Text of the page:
Note: this post was first published in my other blog in March 2009, but I thought it relevant to be included here.
Wikipedia defines a metronome as
…any device that produces a regulated aural, visual or tactile pulse to establish a steady tempo in the performance of music. It is a useful practice tool for musicians that dates back to the early 19th century. The mechanical metronome was invented by Dietrich Nikolaus Winkel in Amsterdam in 1812. Johann Mälzel copied several of Winkel’s construction ideas and received the patent for the portable metronome in 1816. Ludwig van Beethoven was the first notable composer to indicate specific metronome markings in his music, in 1817.
Musicians use the metronome during practicing in order to attain a constant tempo (or speed). Tempo is measured in beats per minute, or BPM. Metronomes can be set to any tempo the performer chooses, usually between 40 to 208 BPM. Mechanical metronomes have been around the longest, but they do have some shortcomings:
- They aren’t particularly accurate at the extreme ends of slow and fast tempos, due to their mechanical makeup.
- They need the performer to periodically wind it up, just like a mechanical clock.
- They are sensitive to extremes of temperature, and also to humidity.
- For some strange reason, even if you take very good care of it, mechanical metronomes just fail to tick properly after some time. In other words, the ticking becomes uneven and inaccurate.
I’ve owned a couple of mechanical metronomes before, a long time ago. When electronic metronomes saw the light of day, I was one of the first to acquire one, a Wittner Taktell, which was powered by a 9V battery and had a flashing red light. Then later on, in 2000 I think, I happened to see the Korg KDM-1 at a music store here, and it impressed me with its loud sound (students sometimes complained to me that they couldn’t hear the Taktell’s sound over their own playing). Moreover, the KDM-1 had its own volume control, which was a definite plus. It also had an earphone jack, though I wouldn’t recommend you use it for blasting the ticking sound directly into your eardrums. It could last about 70 hours, powered by only a 9V battery.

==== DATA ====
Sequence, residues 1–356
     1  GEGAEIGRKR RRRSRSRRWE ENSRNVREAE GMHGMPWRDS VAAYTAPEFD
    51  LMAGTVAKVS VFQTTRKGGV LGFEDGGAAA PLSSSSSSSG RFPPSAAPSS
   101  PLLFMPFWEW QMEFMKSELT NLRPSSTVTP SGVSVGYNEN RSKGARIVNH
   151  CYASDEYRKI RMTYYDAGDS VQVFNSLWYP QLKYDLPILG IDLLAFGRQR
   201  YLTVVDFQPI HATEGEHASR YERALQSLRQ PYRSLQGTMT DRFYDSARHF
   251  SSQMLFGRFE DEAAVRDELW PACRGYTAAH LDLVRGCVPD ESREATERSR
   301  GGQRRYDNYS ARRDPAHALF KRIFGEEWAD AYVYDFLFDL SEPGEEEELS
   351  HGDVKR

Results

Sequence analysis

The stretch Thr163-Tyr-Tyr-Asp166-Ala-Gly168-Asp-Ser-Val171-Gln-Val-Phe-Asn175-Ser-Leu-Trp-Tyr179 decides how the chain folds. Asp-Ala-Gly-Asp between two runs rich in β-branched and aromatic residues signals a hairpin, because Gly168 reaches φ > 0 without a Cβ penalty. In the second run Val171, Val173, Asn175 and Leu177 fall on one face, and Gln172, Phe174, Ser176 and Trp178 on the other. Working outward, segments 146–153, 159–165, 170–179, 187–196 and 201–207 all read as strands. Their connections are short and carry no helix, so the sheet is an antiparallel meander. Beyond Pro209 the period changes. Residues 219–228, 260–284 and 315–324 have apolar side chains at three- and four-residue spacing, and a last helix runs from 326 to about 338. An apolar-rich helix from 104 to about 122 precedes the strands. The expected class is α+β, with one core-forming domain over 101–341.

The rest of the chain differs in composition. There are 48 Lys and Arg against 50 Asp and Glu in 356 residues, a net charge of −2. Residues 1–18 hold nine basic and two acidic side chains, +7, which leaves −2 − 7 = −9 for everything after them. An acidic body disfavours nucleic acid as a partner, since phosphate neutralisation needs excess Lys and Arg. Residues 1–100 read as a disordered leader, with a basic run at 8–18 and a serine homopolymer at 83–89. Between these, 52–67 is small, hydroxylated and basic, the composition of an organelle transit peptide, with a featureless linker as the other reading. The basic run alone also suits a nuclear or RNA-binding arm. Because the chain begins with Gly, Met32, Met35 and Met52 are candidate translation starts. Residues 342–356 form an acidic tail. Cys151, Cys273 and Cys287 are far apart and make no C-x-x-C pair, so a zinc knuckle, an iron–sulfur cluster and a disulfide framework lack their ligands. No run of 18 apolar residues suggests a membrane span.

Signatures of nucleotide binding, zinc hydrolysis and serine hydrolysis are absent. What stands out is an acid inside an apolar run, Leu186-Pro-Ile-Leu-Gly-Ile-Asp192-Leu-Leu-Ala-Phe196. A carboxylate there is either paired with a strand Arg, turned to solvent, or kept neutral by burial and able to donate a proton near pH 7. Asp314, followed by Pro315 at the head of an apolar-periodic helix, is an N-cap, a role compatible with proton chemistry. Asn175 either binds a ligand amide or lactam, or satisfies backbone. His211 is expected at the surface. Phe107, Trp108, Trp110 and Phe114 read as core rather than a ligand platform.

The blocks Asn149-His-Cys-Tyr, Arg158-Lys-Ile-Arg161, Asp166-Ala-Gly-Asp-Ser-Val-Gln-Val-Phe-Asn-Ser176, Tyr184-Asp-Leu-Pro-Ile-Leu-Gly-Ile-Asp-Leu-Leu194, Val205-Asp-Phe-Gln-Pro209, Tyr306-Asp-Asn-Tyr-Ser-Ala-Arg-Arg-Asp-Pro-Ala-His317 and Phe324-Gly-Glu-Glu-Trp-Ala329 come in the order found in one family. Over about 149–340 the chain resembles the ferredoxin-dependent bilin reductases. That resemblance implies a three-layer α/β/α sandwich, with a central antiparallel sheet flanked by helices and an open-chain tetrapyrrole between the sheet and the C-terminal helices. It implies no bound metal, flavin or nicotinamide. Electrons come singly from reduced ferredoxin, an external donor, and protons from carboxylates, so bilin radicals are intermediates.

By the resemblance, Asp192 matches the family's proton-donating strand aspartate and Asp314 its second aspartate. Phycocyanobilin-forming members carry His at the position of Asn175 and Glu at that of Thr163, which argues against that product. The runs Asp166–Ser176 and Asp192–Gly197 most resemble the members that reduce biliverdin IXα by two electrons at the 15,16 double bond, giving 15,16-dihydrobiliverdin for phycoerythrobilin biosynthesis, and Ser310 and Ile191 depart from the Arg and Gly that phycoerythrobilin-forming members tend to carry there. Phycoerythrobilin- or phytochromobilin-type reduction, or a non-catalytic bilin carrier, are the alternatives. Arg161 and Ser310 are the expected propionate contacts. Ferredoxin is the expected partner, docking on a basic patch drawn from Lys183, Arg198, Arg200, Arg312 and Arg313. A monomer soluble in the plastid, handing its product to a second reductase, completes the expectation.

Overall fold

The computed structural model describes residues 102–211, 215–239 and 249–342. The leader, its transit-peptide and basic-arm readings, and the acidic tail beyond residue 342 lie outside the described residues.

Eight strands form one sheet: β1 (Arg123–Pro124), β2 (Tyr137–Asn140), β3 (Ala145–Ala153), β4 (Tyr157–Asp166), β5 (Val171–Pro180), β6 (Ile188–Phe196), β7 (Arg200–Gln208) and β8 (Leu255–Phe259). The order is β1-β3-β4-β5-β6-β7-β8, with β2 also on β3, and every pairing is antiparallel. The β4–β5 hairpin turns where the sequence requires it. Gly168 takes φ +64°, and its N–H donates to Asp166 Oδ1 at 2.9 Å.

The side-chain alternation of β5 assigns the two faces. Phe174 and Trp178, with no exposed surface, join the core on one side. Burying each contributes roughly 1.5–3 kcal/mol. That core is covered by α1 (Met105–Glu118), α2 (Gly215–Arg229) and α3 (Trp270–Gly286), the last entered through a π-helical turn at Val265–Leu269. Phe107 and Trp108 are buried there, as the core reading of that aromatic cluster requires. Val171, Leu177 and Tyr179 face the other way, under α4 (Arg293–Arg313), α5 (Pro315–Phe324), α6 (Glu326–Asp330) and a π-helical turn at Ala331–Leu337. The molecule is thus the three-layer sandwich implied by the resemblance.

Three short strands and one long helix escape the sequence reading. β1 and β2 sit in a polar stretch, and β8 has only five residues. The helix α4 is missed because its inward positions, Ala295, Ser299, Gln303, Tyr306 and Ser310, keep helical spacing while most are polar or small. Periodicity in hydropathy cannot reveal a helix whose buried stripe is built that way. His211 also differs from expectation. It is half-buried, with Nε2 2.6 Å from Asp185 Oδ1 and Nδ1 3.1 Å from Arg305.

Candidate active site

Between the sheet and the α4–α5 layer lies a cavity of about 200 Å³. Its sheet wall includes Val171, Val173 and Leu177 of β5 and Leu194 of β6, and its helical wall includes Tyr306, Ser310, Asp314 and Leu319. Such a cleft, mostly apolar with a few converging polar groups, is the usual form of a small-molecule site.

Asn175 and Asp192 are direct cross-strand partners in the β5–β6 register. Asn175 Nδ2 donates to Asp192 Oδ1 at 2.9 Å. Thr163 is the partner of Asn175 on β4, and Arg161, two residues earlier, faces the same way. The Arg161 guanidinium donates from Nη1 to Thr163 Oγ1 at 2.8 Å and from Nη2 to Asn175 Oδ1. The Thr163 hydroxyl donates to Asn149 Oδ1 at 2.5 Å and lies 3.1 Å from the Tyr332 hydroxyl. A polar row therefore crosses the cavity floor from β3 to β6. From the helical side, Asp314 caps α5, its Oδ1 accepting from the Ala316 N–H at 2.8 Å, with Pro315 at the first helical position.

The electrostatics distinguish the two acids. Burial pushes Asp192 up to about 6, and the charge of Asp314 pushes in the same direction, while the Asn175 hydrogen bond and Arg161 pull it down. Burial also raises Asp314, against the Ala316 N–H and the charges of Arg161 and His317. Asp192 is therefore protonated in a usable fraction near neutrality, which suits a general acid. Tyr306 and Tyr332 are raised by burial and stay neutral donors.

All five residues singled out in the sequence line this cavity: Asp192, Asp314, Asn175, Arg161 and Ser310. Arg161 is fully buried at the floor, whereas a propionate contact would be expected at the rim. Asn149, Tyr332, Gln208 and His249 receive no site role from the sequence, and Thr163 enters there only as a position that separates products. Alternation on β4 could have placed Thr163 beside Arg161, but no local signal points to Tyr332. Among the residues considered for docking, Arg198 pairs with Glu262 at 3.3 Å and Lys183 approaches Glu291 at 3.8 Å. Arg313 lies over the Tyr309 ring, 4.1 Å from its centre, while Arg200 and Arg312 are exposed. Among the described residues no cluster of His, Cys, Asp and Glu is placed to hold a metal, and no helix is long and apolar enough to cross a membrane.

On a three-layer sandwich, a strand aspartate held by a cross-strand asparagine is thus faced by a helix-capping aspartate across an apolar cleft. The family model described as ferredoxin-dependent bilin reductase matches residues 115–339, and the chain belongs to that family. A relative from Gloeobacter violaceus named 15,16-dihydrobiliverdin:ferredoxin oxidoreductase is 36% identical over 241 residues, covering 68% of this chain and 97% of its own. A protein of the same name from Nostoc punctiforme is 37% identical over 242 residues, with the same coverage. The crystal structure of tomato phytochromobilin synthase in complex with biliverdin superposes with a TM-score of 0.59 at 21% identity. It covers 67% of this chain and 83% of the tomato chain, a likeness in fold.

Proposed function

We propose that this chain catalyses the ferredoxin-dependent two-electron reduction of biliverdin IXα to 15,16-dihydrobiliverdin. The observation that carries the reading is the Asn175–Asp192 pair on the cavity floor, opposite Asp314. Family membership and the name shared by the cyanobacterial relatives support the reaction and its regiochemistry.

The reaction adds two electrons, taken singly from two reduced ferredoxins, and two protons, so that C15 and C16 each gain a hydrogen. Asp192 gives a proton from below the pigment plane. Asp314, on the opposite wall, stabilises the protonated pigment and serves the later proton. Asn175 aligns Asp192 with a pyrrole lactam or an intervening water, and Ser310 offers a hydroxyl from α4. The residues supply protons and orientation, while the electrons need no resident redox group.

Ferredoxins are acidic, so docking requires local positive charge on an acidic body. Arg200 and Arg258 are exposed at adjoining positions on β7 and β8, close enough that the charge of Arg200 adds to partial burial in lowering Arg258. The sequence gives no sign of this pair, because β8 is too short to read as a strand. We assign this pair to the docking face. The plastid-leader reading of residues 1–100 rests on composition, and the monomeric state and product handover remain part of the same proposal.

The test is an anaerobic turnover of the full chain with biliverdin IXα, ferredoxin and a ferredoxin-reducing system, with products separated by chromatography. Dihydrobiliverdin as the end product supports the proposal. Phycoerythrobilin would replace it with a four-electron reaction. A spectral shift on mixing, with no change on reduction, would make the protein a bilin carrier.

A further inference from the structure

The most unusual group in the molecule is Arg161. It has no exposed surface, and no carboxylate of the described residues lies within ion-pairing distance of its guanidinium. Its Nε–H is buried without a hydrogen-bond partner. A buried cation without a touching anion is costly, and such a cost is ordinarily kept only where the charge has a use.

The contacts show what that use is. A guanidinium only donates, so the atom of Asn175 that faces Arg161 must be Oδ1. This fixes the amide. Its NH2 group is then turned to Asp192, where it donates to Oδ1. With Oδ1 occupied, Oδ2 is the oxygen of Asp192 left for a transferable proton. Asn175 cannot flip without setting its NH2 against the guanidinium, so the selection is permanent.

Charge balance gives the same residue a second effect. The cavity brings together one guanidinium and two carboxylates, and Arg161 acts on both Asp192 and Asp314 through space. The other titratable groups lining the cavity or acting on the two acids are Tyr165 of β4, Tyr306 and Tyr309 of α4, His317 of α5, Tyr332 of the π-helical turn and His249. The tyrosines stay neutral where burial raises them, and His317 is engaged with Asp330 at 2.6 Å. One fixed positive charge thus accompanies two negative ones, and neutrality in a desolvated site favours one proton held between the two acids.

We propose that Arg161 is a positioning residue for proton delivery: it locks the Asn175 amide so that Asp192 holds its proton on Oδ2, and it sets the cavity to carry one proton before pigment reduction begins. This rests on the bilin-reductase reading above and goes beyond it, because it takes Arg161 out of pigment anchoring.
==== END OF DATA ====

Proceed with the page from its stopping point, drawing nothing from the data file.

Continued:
When Korg announced the successor to the KDM-1, known simply as the KDM-2, I was ecstatic. It was like a KDM-1 on steroids, being just slightly wider and 40 grams heavier. Here’s the plethora of features it possesses (taken from the Korg website):
• Korg’s original, cylindrical resonator speaker provides powerful sound, now with even more volume and improved tone.
• An LED provides visual confirmation of the tempo, a convenient feature for practicing with the metronome muted.
• Newly added beat variations range from basic to sophisticated rhythms like son clave and rumba clave
• A total of 19 beat patterns cover your practicing needs in numerous musical styles.
• Tap Tempo function makes it easy to set the tempo.
• An audible Reference tone in a range of C4 to B4 is available, allowing you to tune your instrument.
• An encoder-type TEMPO/CALIB dial and switch provide direct access to the desired setting or function.
• A large LCD screen makes settings easy to see.
• Original and compact style.
• Long battery life (4 AAA’s), with approximately 120 hours of continuous use.
The KDM-1 had served me well for quite a few years without any trouble, so I sold it off to a student of mine and bought the KDM-2, which was a steal at $35 USD. This concludes my metronome odyssey. Needless to say, I await the KDM-3 with baited breath!
P/S Perhaps those clever wunderkinds in Korg could incorporate a female voice counting out the beats in the KDM-3. That would be cool!